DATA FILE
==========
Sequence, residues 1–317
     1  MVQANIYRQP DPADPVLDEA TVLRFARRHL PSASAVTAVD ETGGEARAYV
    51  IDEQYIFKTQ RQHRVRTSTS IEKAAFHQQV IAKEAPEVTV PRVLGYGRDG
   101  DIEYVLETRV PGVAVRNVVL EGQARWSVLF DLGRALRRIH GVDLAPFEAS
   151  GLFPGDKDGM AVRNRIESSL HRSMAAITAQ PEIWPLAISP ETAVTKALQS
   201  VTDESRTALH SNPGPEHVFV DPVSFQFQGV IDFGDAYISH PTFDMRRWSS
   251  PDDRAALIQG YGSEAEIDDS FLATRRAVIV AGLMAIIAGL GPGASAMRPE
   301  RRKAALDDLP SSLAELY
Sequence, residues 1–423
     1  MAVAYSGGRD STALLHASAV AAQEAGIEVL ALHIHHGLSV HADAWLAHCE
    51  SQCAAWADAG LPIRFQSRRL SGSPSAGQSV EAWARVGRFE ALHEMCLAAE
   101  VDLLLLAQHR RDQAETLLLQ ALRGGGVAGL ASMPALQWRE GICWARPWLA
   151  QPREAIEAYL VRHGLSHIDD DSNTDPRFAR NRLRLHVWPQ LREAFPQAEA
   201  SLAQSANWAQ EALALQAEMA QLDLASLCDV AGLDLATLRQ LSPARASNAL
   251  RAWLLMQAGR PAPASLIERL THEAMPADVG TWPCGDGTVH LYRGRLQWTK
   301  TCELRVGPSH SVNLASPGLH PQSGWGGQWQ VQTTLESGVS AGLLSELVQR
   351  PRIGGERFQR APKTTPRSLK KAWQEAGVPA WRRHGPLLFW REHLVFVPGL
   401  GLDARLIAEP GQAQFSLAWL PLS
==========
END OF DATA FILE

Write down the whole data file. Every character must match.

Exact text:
Sequence, residues 1–317
     1  MVQANIYRQP DPADPVLDEA TVLRFARRHL PSASAVTAVD ETGGEARAYV
    51  IDEQYIFKTQ RQHRVRTSTS IEKAAFHQQV IAKEAPEVTV PRVLGYGRDG
   101  DIEYVLETRV PGVAVRNVVL EGQARWSVLF DLGRALRRIH GVDLAPFEAS
   151  GLFPGDKDGM AVRNRIESSL HRSMAAITAQ PEIWPLAISP ETAVTKALQS
   201  VTDESRTALH SNPGPEHVFV DPVSFQFQGV IDFGDAYISH PTFDMRRWSS
   251  PDDRAALIQG YGSEAEIDDS FLATRRAVIV AGLMAIIAGL GPGASAMRPE
   301  RRKAALDDLP SSLAELY
Sequence, residues 1–423
     1  MAVAYSGGRD STALLHASAV AAQEAGIEVL ALHIHHGLSV HADAWLAHCE
    51  SQCAAWADAG LPIRFQSRRL SGSPSAGQSV EAWARVGRFE ALHEMCLAAE
   101  VDLLLLAQHR RDQAETLLLQ ALRGGGVAGL ASMPALQWRE GICWARPWLA
   151  QPREAIEAYL VRHGLSHIDD DSNTDPRFAR NRLRLHVWPQ LREAFPQAEA
   201  SLAQSANWAQ EALALQAEMA QLDLASLCDV AGLDLATLRQ LSPARASNAL
   251  RAWLLMQAGR PAPASLIERL THEAMPADVG TWPCGDGTVH LYRGRLQWTK
   301  TCELRVGPSH SVNLASPGLH PQSGWGGQWQ VQTTLESGVS AGLLSELVQR
   351  PRIGGERFQR APKTTPRSLK KAWQEAGVPA WRRHGPLLFW REHLVFVPGL
   401  GLDARLIAEP GQAQFSLAWL PLS